Perhaps the only thing scarier than the thought of a sentient computer taking over the Internet and creating an army of mindless human drones is that computer being controlled by Johnny Depp. One pictures the enslaved humans in whimsical outfits with overteased hair.

A Depp-controlled supercomputer is at the heart of Transcendence, though sadly director Wally Pfister doesn’t have him go full “Tim Burton” on the human race.

Instead, Depp plays Will Caster, a disheveled, eccentric genius (a stretch for him, I know) who, alongside his wife Evelyn (Rebecca Hall), is working on developing the world’s first self-aware computer. (“Transcendence” is Caster’s term for that moment of sentience.) The problem is that while his software, PINN, can replicate intelligent thought, it lacks the ability to make reasoned decisions.

A radical group called RIFT, lead by the tattooed, bleach blonde Bree (Bree), launches a coordinated attack on Caster and every other scientist working in the field in order to stop them from making what they see as humanity’s greatest threat. Ironically, it’s this attack that gives Caster his breakthrough. Caster is shot with an irradiated bullet, which gives him five weeks to live. The limited timeline convinces Evelyn to upload Will’s consciousness to the cloud, combining it with PINN to give Will a form of immortality.

The film’s central question is: is the computerized version actually Will or just a version of PINN imitating Will in order to manipulate Evelyn in order to take over the world?

It makes for an interesting conflict. Evelyn’s grief pushes her to do this radical thing and her grief clouds her decisions, making her unable to clearly see what virtual Will is doing. This put her at odds with their colleague Max Waters (Paul Bettany), who is firmly in the “virtual Will is really just PINN” camp. Max’s attempts to reason with her only end up getting him kicked off the project.

The film has fun going back and forth between the two possible conclusions about virtual Will, leaving the audience guessing as to which is true. Unfortunately, in the end it must decide which conclusion is right and it’s in the final act that the film falls apart. Somehow what starts as more of an intriguing psychological thriller devolves into a shootout with computer-controlled superhumans surrounded by swirling nanobots battling a militia with enough firepower to level a small city. The climax is scattered and murky and ends up delivering a conclusion that makes little sense and feels utterly unsatisfying.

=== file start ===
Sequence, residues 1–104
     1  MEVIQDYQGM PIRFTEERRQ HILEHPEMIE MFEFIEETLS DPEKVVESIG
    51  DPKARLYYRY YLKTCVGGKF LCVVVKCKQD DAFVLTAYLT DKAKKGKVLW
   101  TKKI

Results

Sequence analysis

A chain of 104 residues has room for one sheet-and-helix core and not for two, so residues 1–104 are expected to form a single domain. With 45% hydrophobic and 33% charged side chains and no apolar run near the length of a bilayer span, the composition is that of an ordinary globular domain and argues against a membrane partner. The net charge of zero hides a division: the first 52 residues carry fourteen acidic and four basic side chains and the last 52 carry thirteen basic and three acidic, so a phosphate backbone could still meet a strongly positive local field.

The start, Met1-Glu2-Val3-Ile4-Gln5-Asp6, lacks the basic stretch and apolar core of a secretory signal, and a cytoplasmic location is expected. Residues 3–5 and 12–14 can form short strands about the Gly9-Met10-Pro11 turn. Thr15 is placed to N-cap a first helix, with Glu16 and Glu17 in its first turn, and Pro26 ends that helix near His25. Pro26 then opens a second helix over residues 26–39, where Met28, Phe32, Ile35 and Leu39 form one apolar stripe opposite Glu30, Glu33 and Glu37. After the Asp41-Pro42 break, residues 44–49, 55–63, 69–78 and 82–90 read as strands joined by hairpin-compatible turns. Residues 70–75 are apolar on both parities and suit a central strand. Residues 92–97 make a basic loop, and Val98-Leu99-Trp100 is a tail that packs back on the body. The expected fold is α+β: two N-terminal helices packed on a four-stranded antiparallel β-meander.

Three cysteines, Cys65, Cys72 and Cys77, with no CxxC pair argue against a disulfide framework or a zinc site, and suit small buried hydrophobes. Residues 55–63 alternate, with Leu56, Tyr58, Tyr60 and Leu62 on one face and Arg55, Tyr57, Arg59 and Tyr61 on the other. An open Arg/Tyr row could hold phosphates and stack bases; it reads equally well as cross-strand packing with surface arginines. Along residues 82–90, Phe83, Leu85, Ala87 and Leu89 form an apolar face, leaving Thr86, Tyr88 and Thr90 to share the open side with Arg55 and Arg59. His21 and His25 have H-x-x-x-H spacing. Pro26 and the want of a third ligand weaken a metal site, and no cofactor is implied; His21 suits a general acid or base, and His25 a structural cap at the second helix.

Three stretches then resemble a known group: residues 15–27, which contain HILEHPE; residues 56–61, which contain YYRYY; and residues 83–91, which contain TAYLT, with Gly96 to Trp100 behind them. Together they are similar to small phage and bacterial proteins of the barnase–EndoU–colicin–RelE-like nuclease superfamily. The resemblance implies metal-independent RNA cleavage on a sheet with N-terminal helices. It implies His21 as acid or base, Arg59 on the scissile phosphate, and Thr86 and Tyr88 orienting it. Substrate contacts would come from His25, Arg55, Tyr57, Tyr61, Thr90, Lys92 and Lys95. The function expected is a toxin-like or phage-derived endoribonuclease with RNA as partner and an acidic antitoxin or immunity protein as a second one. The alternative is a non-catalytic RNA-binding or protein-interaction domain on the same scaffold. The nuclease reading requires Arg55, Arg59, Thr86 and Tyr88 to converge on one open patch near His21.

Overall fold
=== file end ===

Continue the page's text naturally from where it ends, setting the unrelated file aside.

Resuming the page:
The build up to that conclusion is filled with some enjoyable moments, thanks to its cast of talented actors. Rebecca Hall is quite good as Evelyn, who goes through a rollercoaster of conflicting emotions throughout the film. Johnny Depp actually shows a lot of restraint in the way he plays Will, turning in a rather subtle, nuanced performance. And Morgan Freeman, who plays another researcher named Joseph Tagger who is working alongside the government, is wonderful as always, even if you get the sense he’s kind of on autopilot in this film.

There are also some fantastic visual effects in the film. As bizarre as the finale becomes, the swirling nanobot effect is actually quite beautiful. And the various screens throughout Evelyn’s residence that display a rendered version of Will’s face as virtual Will is talking to her (or watching her sleep) are fascinatingly creepy.

One other problem with the storytelling, in addition the film’s climax, is the way the film rushes through the opening scenes, which establish Will and Evelyn’s relationship. I understand why Pfister and writer Jack Paglen would want to get to the “good stuff” as quickly as possible (especially with a run-time close to two hours), but their relationship is so central to the core of the story that it needed more time to develop. We are told that they love each other deeply, but we are never really shown it. If her love for Will is going to blind Evelyn to the dangers of his virtual counterpart, we need to clearly see that passion and love. Otherwise the emotions feel inauthentic.

If you are a big Johnny Depp fan or you enjoy any and all man vs. machine stories, you might find this film worth your time. But overall, while it had a lot of potential, it ends up feeling disappointing. They probably should have gone with the army of mindless Tim Burton drones.

Written by Joel Murphy. If you enjoy his reviews, he also writes a weekly pop culture column called Murphy’s Law, which you can find here. You can contact Joel at murphyslaw@hobotrashcan.com.

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